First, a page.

Rewarding Good Behavior with Positive Reinforcement

Click here to purchase

Teachers are finding that rewarding good behavior with positive reinforcement sets expectations and changes the way students approach school. Eastside Elementary School assistant principal Lisa Piesik gathers students every nine weeks for behavior expectations updates.

At the beginning of the year, Piesik spoke with each grade level individually. Now she sees students two grade levels at a time and presents them with data so they can see how they are doing. The most successful are rewarded.

At the most recent meeting of fourth- and fifth-graders, Piesik announced the latest numbers. During the previous nine weeks, kindergartners had 22 disciplines. First grade had 25. Second grade had 35. Third grade tied with first grade. Fourth grade had the lowest number, 19, and fifth-graders had 50.

“I give an ice cream sundae party for the grade level with the lowest disciplines,” Piesik said.

When she announced the numbers, the fourth-graders cheered. They had won for the second nine weeks in a row.

Piesik told the students there is no time for misbehaving in class. She directed their attention to the expectations posters on the cafeteria wall. The first focused on having a positive attitude: Be respectful, be ready to learn and do what the teacher says — with a smile.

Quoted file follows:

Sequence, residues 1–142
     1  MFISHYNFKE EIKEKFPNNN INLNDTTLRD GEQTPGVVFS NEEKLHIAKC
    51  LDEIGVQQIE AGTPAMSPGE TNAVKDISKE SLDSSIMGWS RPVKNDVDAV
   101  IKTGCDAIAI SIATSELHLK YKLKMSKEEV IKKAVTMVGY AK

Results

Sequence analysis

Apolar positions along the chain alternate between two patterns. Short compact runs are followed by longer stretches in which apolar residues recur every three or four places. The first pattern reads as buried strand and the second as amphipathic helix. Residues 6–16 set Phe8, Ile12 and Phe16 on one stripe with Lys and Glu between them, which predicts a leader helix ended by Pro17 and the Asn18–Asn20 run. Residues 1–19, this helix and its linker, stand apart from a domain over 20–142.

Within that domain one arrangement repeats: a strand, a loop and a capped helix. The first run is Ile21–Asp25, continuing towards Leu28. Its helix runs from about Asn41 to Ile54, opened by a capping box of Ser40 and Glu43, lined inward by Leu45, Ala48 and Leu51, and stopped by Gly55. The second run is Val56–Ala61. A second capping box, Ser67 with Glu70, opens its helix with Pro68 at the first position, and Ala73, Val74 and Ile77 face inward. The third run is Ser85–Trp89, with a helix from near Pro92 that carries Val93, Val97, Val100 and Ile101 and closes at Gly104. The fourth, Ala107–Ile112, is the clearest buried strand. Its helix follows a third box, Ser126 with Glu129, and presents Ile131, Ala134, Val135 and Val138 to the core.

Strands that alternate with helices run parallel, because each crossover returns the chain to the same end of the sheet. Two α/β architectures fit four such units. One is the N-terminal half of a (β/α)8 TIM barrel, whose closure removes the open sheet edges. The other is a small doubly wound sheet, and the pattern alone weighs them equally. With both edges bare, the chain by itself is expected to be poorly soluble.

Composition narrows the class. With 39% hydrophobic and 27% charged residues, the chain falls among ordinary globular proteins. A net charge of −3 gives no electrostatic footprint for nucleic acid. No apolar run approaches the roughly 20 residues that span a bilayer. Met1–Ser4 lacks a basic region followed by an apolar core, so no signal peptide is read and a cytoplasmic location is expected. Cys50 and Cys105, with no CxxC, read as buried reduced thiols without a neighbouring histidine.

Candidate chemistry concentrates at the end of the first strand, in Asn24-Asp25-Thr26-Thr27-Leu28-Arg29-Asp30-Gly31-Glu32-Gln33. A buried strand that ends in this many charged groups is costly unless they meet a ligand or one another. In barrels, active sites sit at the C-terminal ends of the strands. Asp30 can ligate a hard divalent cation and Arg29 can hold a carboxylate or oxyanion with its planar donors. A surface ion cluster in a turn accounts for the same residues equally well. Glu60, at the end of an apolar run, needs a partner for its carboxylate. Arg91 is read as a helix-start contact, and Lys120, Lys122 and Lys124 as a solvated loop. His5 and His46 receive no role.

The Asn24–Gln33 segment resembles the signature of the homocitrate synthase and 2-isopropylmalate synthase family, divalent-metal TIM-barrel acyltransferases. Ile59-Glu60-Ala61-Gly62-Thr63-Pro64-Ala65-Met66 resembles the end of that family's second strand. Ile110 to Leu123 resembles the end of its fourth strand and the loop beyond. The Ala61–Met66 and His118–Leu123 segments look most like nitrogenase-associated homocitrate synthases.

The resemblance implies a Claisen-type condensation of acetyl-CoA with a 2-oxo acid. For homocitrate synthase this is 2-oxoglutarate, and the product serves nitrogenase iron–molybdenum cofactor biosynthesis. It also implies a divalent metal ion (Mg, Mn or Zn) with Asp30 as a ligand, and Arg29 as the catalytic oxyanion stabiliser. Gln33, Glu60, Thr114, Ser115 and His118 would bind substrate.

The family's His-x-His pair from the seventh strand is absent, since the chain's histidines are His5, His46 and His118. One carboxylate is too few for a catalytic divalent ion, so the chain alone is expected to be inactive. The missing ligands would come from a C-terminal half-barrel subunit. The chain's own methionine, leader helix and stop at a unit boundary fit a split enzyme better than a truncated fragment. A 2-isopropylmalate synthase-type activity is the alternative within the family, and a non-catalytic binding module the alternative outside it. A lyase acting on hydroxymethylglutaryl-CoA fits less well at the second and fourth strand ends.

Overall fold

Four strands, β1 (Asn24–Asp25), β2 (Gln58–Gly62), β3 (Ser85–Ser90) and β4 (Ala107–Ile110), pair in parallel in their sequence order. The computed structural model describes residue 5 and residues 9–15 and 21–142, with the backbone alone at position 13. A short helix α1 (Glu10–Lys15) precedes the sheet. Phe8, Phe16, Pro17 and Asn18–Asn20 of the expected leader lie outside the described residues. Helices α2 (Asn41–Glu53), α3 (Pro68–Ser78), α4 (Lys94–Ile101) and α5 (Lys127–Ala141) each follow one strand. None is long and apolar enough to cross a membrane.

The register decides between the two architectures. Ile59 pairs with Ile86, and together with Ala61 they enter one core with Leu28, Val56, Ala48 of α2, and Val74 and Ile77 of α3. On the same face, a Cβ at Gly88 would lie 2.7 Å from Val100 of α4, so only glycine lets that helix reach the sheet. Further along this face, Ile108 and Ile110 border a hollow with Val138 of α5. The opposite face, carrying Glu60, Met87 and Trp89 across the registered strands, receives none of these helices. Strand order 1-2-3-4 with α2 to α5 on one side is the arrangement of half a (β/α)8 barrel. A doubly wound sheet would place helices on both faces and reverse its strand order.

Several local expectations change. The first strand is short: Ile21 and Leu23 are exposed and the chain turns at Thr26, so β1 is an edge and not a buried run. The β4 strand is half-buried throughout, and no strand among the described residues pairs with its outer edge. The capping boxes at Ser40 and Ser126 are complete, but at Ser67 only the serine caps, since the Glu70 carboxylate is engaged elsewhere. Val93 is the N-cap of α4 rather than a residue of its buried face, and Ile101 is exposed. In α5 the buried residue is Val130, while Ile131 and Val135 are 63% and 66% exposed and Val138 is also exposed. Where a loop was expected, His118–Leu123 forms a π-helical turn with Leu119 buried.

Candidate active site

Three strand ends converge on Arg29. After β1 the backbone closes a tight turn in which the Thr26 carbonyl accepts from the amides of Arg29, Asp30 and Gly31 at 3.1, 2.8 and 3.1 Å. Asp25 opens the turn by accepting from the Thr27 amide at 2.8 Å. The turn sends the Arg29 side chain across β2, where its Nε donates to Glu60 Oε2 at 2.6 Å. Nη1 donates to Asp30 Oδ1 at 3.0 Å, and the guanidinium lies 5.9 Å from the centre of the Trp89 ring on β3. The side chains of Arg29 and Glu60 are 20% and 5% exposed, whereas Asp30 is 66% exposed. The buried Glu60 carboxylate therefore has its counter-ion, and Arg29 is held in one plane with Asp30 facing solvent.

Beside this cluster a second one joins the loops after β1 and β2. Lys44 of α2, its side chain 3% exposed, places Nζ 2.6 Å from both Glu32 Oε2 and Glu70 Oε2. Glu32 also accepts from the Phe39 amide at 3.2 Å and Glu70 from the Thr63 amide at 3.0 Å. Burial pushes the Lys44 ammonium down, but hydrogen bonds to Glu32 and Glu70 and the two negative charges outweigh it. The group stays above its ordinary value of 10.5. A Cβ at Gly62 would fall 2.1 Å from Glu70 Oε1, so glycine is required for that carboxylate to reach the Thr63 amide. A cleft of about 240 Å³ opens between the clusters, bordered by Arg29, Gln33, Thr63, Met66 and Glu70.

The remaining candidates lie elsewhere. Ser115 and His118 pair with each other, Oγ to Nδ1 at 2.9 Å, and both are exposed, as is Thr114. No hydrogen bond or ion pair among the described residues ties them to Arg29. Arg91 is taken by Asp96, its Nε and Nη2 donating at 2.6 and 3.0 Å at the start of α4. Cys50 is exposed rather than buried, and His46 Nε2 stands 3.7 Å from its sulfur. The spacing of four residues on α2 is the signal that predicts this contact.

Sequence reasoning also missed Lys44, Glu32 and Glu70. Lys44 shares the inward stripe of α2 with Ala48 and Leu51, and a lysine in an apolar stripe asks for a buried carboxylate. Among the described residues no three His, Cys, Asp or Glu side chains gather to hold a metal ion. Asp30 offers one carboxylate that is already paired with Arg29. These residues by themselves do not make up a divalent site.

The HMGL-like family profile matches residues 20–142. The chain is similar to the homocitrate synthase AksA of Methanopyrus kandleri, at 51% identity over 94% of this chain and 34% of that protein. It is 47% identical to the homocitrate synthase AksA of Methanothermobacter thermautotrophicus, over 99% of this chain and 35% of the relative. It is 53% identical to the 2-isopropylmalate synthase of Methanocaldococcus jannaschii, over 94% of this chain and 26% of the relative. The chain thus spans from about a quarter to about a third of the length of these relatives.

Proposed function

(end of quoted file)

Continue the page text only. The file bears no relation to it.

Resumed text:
The next urged students to be active learners: Do homework and class work, study, bring paper, pen and pencils to school.

“We can only do so much for you,” Piesik said. “You have to be an active part of that process.”

Rewarding Good Behavior with Positive Reinforcement

Click here to purchase

Cooperation was next: Do not argue with your teacher or your classmates. And finally, safety first: Keep your hands to yourself and behave on the bus.

Piesik touched on bullying.

“We have really done an excellent job here,” she said. There hadn’t been any bullying complaints.

“That tells me you know how to treat each other with respect,” she said.

She reminded the students that bullying is anything that makes someone uncomfortable.

The behavior expectations meetings are part of the school’s positive behavior support, or PBS, program, headed by art teacher Stephanie Hembd. There are incentives along the way to help students remember what is expected of them as the school tries to improve the failing grade it received from the state last year.

Teachers are equipped with shiny, plastic coins with “I was caught being good” embossed on them. Students collect those for incentives, like supervised physical activity time, free outdoor playtime, computer time or lunch with a teacher.

Fourth-grader Alexis Davis, 10, has been at Eastside since kindergarten and explained the benefits of the program.

“When we were in kindergarten, all you’d get was a ‘good job’ from your teacher, but now you get PBS points and you can buy stuff,” she said.

Continue reading Rewarding Good Behavior with Positive Reinforcement

Read more about behavior expectations